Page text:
Apart from the question: “How many people are in Suriname?” It is necessary to answer other questions such as:
Who are we (in terms of age, gender, education, profession etc.)? Where and how do we live (in terms of housing, availability of water, access to essential facilities, access to modern communication options, etc.)?
For many countries, a census is the only opportunity to collect such information throughout the country and at the lowest level, because the country is being combed and because information is collected about every individual and every household in that country in a short, defined period. For small geographical areas or subpopulations, the census is a source of information about certain social, demographic and economic characteristics that cannot be collected on another occasion.
In addition, the census offers the possibility of developing sample frameworks, for the purpose of surveys conducted between two consecutive censuses.
Confidentiality of data
The success of a census requires that the inhabitants of the country fully cooperate. Guaranteeing the confidentiality of the information provided by individuals and households is crucial. The only reason why the General Bureau of Statistics / Census Office collects individual data is for the production of statistics on the population and on households.
The ABS is functioning according to the Fundamental Principles of Official Statistics (link Fundamental Principles of Official Statistics )of which principle 6 states:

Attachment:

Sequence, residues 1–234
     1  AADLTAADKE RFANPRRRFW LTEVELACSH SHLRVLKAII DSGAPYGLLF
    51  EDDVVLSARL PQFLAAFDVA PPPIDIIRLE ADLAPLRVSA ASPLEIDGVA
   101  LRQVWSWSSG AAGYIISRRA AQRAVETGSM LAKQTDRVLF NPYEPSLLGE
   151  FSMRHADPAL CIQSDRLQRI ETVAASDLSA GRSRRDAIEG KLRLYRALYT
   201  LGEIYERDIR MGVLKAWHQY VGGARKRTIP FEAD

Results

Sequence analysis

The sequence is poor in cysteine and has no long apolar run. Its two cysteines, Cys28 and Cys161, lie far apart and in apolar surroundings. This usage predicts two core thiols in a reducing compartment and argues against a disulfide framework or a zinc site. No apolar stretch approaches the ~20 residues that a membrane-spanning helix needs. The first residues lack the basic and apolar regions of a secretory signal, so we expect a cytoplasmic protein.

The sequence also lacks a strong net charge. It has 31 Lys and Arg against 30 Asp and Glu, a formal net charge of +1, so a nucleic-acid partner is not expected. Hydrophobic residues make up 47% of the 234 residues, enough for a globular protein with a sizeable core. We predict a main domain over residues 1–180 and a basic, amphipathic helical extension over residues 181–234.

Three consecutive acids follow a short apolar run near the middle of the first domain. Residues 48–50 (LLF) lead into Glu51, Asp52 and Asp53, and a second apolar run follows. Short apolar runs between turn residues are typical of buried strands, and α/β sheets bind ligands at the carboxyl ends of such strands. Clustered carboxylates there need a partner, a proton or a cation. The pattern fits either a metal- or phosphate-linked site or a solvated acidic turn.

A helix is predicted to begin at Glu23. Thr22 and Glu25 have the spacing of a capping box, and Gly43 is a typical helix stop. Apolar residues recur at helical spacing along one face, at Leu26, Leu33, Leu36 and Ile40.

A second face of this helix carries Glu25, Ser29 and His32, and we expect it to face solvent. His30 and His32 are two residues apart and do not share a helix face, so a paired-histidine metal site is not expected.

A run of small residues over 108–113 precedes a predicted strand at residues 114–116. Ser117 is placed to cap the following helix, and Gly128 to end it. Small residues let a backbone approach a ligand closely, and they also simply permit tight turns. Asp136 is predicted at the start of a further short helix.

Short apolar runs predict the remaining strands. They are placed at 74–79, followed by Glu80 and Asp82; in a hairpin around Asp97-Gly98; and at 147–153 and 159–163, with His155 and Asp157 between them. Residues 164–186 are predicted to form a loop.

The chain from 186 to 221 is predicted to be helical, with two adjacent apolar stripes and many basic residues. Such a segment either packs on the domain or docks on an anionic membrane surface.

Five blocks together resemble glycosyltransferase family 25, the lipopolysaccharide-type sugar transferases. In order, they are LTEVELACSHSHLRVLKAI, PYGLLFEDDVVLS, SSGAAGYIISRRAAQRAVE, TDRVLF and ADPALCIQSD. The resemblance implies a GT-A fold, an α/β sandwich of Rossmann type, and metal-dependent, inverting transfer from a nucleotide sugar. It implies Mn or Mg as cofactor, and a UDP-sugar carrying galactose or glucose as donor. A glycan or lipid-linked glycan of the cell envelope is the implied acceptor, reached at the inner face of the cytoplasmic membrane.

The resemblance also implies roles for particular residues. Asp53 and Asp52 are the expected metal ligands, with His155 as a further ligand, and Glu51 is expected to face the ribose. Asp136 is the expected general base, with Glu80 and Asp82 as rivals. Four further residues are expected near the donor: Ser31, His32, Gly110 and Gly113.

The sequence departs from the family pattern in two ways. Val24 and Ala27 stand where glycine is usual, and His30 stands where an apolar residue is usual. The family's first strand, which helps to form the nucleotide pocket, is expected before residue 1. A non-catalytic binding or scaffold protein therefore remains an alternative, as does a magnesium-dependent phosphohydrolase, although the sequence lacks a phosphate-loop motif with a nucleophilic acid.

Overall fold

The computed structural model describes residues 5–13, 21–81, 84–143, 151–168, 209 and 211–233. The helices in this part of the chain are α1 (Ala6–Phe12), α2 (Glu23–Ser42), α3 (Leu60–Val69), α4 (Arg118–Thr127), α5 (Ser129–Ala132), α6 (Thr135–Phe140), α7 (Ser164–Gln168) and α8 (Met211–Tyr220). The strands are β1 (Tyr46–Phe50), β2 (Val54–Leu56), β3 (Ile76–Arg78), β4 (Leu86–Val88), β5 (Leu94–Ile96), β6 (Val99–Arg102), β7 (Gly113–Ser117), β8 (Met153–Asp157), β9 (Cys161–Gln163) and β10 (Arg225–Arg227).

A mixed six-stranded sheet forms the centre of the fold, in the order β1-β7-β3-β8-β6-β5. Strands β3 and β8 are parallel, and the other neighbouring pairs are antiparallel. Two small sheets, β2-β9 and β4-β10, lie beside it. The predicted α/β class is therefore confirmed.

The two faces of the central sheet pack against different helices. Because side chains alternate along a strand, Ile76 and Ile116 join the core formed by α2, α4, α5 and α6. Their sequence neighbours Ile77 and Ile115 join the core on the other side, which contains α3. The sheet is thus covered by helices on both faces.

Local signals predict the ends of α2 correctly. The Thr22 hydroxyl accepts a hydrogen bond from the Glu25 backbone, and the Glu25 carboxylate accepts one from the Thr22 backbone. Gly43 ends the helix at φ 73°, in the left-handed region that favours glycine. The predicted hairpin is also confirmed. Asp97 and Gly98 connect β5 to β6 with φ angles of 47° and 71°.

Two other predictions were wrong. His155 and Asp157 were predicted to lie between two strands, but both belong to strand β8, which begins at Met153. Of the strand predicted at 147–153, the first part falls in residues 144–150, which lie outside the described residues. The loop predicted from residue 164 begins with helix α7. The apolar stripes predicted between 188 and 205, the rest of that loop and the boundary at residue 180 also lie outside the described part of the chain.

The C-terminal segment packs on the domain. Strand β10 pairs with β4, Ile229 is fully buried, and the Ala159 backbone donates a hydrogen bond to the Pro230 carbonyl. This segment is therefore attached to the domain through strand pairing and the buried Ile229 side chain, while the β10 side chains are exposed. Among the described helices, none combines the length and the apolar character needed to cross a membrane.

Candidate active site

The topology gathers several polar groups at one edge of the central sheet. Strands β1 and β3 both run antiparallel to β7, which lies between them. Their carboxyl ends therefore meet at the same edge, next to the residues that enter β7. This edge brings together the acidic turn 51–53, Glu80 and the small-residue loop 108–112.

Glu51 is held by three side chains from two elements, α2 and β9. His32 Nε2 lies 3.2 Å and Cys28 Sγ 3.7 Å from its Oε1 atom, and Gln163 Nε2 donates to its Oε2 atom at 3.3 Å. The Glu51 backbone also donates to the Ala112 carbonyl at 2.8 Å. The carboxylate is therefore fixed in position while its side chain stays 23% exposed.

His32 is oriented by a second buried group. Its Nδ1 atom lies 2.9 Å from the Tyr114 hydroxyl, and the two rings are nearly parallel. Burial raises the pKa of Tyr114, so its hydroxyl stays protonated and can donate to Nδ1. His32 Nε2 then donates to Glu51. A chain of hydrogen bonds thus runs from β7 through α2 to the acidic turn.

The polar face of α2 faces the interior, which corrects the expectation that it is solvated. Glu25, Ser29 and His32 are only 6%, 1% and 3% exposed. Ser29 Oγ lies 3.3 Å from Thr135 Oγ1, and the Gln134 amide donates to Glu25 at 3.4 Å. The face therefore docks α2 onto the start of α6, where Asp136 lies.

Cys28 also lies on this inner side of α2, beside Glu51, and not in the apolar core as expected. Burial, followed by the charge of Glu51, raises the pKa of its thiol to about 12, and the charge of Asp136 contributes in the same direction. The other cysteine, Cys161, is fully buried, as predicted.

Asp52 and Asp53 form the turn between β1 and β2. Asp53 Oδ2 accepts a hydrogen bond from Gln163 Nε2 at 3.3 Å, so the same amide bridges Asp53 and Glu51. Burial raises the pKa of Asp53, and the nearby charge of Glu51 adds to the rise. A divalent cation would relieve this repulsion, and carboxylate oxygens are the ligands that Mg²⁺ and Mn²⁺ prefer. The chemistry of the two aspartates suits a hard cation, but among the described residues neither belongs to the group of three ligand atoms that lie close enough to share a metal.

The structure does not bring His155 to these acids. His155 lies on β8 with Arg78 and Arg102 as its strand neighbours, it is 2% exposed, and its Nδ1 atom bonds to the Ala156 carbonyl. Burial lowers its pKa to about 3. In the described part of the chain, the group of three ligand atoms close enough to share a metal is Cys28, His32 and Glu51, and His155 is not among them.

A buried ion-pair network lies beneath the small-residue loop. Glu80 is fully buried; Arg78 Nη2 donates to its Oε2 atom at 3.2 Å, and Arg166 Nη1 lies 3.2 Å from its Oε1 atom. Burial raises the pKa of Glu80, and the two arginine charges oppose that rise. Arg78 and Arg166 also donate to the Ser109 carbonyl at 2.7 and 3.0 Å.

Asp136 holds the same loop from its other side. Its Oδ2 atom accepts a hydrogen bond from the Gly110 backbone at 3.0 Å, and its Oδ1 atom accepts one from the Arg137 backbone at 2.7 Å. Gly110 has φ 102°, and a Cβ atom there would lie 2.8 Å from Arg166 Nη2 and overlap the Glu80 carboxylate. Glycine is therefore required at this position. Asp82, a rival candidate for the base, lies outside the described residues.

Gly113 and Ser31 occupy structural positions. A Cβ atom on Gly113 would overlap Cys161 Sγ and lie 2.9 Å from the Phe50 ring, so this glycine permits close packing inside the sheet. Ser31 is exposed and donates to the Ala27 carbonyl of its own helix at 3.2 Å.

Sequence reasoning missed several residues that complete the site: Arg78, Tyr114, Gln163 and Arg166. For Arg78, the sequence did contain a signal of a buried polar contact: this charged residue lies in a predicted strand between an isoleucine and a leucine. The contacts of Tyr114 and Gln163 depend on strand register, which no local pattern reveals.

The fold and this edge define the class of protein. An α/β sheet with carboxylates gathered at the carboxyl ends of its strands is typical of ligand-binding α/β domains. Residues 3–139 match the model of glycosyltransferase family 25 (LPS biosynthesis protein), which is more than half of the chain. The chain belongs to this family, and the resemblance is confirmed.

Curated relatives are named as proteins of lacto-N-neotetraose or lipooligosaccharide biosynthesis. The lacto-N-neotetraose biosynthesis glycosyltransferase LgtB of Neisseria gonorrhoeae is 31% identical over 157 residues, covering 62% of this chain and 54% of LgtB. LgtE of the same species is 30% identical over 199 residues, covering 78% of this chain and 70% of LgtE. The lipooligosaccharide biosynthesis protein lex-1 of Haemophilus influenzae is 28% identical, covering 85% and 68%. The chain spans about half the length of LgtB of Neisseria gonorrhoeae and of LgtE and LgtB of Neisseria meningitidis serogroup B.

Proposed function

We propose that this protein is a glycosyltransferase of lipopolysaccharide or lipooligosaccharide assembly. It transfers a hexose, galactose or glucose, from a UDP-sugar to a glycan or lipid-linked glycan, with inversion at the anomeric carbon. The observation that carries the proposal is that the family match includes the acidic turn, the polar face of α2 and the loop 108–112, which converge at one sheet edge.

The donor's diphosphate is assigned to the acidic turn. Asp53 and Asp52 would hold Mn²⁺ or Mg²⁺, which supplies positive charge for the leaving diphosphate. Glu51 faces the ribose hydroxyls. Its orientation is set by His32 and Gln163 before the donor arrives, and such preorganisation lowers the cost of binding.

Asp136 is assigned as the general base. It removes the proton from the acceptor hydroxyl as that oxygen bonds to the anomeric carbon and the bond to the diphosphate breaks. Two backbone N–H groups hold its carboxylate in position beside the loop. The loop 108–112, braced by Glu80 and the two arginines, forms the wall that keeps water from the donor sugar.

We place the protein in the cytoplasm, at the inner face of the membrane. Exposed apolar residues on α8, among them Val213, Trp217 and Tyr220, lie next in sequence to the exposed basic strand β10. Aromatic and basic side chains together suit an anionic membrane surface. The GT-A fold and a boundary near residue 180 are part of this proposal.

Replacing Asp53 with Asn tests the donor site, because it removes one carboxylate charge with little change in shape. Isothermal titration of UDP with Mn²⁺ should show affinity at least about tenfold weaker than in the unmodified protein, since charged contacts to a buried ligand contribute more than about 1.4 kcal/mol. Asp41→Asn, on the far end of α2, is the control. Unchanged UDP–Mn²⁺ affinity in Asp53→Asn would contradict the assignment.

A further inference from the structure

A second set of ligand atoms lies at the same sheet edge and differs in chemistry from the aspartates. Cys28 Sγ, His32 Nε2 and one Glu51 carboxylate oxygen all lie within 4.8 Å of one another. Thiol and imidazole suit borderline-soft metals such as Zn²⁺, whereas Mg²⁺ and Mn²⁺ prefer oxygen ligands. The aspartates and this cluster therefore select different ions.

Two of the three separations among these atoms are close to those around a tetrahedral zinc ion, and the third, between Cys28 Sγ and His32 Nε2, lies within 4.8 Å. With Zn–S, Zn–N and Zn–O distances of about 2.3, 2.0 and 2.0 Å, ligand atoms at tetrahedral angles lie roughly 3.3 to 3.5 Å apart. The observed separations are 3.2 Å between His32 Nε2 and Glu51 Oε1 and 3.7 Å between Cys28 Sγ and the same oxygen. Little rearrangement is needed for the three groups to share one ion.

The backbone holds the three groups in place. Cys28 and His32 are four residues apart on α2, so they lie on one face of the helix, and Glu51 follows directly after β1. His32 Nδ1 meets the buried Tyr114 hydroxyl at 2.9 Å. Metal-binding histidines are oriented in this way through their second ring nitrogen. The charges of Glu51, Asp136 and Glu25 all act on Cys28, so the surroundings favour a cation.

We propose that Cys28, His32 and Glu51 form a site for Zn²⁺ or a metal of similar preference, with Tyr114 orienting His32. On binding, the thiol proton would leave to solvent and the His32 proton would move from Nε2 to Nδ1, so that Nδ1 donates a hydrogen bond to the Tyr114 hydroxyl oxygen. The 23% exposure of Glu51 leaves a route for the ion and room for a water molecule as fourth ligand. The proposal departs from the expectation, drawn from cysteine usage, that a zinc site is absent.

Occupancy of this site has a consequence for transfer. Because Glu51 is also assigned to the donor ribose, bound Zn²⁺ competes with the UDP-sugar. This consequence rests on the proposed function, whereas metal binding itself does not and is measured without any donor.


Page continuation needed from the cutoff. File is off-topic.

“Individual data collected by statistical agencies for statistical compilation, whether they refer to natural or legal persons, are to be strictly confidential and used exclusively for statistical purposes.”
Individual information will not be disclosed or distributed in any way by the ABS. The information will not be used for purposes other than statistical.
Population and housing censuses were held in Suriname in the following years: 1921, 1950, 1964, 1972, 1980, 2003, 2004 and 2012.
The Eighth Population and Housing Census
The Eighth Census had 13 August 2012 as census day. The field work of Census eight was successfully completed and the first preliminary results were published in January 2013.
In September 2013 the first definitive results of the Eighth General Population and Housing Census were published, in a publication “Results Eighth General Population and Housing Census in Suriname Volume I, Demographic and Social Characteristics and Migration”. This publication contains tables about the size, composition and migration flow of the population.
Up to and including February 2014, the ABS produced a total of 5 publications with national results on the themes: Employment and Education Characteristics, Fertility and Mortality, Health and Sport, Households, Families and Housing, Environment and Crime.
Subsequently, in the period March to May 2014, the ABS also produced 3 publications, in which the same tables can be found as in the national publications, but for all 10 districts separately.
Finally, the ABS published the 2 last Census publications, namely Population Projections in July 2014 and the Technical Evaluation of the 8th Census in August 2014.